Thursday, September 02, 2010

Balls on the Never Never

Ed Balls said a few moments ago on the Jeremy Vine Show that the Government’s spending cuts wouldn’t work, that ‘you can’t cut your way out of a recession’, and when prompted by Vine for his own solution, Balls responded that Britain could borrow the necessary money.

Has the man really learned nothing?

34 comments:

Undercover Princess said...

"Has the man really learned nothing?"

... is that a serious question? Clearly the answer is 'no'.

Bill Quango MP said...

He said that monetarism policies of the 1930 and 1980's had been proved to have failed..
He then advocated Keynesian policies, but forgot to add that was proved to have failed and out of favour throughout the world since 1973's stagflation.

The answer is neither, but borrowing religionist nutters like Balls won't accept a different opinion.

He really is a disaster. Who let him anywhere near the treasury?

Colin said...

"Has the mean learnt nothing"

Freudian slip, Iain? ;-)

Patrick said...

thank god he isnt running the economy!

just to think that he was nearly chancellor too.

lillispad said...

Has the man really learned nothing?

He's learned that when people are unhappy and uncertain of the future (as Labour supporters are) you argue vocally against the prevailing wisdom regardless of whether it makes any sense. It gives the image of being "not like those other politicians"

I'm not sure he's wrong....

Martin said...

Balls is right, we could just call Ocean Finance and consolidate all the UK debt into one easy monthly payment.

Demetrius said...

Tell me, when I was young if you borrowed money you had to pay it back. Sometimes the interest payable was compound. So if you were not very careful you had to pay back an amount much greater than you originally borrowed. It is why I stopped borrowing around 1980. Has Mr. Balls found the magic sponge or is he just a person with a complete contempt for ordinary people?

Nonny Mouse said...

Err, we aren't in recession.

I know that Labour told us there would be one if we cut 6 billion this year, but they were evidently wrong.

JB said...

I fear he may be right. There is quite a lot in the blogosphere on this -- this post: http://bit.ly/ahKyWS has some links so may be a good intro.

Iain, perhaps you could tell us how Ed Balls should have learned otherwise. Has evidence proved him wrong? What evidence?

Salmondnet said...

Err, no of course not. he is a Brownian.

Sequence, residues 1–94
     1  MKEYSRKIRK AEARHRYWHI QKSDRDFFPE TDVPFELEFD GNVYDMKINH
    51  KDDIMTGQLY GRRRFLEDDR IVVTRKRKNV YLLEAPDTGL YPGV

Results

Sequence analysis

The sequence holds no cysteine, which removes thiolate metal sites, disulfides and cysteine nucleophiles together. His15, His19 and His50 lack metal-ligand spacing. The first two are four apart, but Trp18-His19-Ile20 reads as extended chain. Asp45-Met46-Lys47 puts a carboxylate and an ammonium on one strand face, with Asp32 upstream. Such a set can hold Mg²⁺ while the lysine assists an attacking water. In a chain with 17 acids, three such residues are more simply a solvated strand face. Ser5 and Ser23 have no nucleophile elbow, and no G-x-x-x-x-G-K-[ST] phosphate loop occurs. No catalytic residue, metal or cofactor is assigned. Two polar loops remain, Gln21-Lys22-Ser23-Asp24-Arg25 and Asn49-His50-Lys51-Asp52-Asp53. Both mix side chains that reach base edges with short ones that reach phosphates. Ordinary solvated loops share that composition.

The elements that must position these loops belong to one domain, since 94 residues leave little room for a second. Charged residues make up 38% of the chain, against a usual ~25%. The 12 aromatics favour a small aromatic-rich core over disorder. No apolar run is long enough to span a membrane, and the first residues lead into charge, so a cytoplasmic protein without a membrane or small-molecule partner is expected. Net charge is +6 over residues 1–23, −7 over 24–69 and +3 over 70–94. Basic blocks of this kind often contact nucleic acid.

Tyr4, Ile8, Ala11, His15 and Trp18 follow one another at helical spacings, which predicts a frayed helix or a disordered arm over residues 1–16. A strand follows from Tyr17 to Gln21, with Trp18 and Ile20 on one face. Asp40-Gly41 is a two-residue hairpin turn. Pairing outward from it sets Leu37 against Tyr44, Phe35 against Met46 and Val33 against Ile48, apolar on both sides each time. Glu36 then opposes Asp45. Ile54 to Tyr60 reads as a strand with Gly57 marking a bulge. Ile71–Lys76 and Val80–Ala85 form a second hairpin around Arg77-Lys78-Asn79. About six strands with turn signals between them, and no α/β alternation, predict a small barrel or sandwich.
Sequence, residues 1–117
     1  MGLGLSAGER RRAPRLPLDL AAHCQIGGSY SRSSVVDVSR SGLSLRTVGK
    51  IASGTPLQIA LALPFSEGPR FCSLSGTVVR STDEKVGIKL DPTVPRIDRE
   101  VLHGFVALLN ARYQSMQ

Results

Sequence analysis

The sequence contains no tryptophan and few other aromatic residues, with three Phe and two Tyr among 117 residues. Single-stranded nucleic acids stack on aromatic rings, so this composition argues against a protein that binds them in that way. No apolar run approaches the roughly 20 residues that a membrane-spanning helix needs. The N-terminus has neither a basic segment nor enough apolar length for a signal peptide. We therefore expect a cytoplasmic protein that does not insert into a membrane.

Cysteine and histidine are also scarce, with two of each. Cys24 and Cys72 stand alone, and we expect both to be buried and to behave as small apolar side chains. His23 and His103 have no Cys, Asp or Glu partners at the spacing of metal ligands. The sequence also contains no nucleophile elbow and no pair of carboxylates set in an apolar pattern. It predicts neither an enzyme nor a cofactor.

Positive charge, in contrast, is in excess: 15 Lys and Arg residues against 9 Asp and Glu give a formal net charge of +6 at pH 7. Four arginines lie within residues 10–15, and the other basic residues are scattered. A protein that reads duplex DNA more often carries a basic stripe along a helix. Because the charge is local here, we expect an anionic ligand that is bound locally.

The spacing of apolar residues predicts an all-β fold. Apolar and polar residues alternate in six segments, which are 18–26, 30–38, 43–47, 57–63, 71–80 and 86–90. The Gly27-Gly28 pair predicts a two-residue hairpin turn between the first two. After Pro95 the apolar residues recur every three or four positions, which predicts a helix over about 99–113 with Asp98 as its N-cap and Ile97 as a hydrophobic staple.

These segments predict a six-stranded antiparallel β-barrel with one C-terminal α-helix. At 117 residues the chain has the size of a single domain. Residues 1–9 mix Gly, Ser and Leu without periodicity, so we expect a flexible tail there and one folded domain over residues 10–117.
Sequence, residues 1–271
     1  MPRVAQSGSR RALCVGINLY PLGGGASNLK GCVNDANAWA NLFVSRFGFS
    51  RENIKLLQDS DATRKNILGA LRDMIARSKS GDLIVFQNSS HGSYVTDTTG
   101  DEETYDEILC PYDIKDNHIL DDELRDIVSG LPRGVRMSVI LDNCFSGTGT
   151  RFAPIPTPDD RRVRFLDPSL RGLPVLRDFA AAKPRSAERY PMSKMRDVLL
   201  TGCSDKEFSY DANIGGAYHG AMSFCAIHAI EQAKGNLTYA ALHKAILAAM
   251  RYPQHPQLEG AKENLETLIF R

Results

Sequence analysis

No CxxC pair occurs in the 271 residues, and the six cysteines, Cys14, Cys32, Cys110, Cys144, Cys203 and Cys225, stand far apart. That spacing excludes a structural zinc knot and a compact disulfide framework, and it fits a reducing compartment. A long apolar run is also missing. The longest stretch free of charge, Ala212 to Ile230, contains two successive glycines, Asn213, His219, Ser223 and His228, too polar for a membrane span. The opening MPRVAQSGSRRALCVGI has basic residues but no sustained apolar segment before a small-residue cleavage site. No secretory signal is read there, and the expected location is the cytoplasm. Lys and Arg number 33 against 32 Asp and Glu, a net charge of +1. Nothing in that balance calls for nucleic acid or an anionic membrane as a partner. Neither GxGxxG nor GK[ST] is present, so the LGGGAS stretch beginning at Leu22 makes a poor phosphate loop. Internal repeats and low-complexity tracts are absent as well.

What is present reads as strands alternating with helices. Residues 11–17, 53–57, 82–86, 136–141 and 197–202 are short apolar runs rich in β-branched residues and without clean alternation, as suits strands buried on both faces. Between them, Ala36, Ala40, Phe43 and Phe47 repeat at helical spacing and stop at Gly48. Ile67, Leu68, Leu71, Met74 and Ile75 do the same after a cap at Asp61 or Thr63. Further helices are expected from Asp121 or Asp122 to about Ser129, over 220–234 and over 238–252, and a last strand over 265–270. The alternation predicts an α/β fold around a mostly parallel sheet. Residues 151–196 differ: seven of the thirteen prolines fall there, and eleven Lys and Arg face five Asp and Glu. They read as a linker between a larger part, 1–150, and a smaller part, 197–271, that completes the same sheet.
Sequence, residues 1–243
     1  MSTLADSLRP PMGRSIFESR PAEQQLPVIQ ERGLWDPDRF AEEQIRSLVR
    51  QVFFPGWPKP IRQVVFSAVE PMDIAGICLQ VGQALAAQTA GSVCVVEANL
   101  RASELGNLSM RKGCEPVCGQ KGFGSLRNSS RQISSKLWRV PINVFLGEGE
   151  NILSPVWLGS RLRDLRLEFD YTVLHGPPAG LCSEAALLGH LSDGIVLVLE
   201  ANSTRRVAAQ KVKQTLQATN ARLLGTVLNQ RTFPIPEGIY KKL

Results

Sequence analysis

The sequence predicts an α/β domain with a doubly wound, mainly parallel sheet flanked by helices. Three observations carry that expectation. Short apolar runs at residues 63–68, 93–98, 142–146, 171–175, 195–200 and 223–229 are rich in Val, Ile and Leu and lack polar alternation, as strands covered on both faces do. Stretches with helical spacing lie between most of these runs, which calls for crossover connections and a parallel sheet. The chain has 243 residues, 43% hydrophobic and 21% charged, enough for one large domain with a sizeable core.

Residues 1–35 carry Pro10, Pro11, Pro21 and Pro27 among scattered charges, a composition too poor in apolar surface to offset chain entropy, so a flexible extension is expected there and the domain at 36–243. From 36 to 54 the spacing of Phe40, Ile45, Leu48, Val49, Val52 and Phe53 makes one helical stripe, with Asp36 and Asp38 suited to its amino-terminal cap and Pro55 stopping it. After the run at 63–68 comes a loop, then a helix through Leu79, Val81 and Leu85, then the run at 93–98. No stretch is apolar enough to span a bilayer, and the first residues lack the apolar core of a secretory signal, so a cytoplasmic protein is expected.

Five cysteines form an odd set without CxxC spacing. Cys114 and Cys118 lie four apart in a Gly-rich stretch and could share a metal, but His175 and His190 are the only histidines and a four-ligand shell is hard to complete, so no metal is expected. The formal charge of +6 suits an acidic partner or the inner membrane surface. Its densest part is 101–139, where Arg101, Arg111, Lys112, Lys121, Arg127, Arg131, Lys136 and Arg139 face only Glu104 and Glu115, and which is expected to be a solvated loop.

Lord Blagger said...

Borrow at 5%
Growth at 2%

I know a fianancial advisor or two that should be ringing up Balls to invest his pension funds.

Hughes. said...

These are sound plans. Borrow your way out of debt and print money to help a devalued economy.

If Labour had got back in we'd all be millionaires by now, you know, like the Italians used to be with the Lira.

Kevin Lynchehaun said...

The fact that the Labour Party could countenance this Idiot as a prospective Leader says it all

longrun2 said...

There is a saying "never attribute to malice that which can be attributed to stupidity": however it is difficult to apply this to Ed Balls' views on economics. While I may view Keble as pretty down-market intellectually, it does require of its entrants a minimum level of understanding that is a few miles higher than that implied by his reported comment.
So, no. It is not that he has learned nothing - it is that he assumes that many of the rest of us have not!

Prodicus said...

And the cost of that borrowing, Mr Economic Genius Balls? How much and who pays it?

Jockdownsouth said...

Why do The BBC, and Jeremy Vine in particular, continue to give free publicity to Labour politicians and policies without giving the coalition the right of reply? The Labour leadership election is not even of passing interest to the majority of the population, but they are concerned about the economic squeeze. Labour must be delighted that their propaganda machine is given such free flow. I worry that if the Big Lie is repeated often enough the general populace will eventually believe it.

ChrisM said...

No. It works. Government issues gilts to borrow money. Bank of England buy the gilts. Simples!

( Although I doubt he knows how the BofE get the money to buy them.... )

Mirtha Tidville said...

No he hasnt learnt any lessons because he doesnt beleive he needs to....

anne riddle said...

Stop giving him so much publicity and maybe he'll go away!

trevorsden said...

One problem with balls' theory is that we then have to pay interest on the money we have borrowed and if I remember it correctly the interest payments on the debt we have inherited from him is heading towards the cost of defence and education combined.

So that means as debt repayments rise the amount of revenue available for government policy falls - so the govt have to borrow more and that means higher debt repayments ...

Did Balls advise the Glazier family on the purchase of Manchester United?

Balls also forgets that even when under him we had growth we still ran deficits - so even with growth we cannot afford our current spending.